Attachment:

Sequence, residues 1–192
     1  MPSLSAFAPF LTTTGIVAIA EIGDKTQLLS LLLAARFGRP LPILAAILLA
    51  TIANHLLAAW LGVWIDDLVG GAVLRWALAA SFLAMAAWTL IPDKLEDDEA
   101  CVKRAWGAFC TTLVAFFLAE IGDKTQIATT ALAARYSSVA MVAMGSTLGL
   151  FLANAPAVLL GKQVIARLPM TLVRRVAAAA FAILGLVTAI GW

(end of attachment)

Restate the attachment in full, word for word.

Sequence, residues 1–192
     1  MPSLSAFAPF LTTTGIVAIA EIGDKTQLLS LLLAARFGRP LPILAAILLA
    51  TIANHLLAAW LGVWIDDLVG GAVLRWALAA SFLAMAAWTL IPDKLEDDEA
   101  CVKRAWGAFC TTLVAFFLAE IGDKTQIATT ALAARYSSVA MVAMGSTLGL
   151  FLANAPAVLL GKQVIARLPM TLVRRVAAAA FAILGLVTAI GW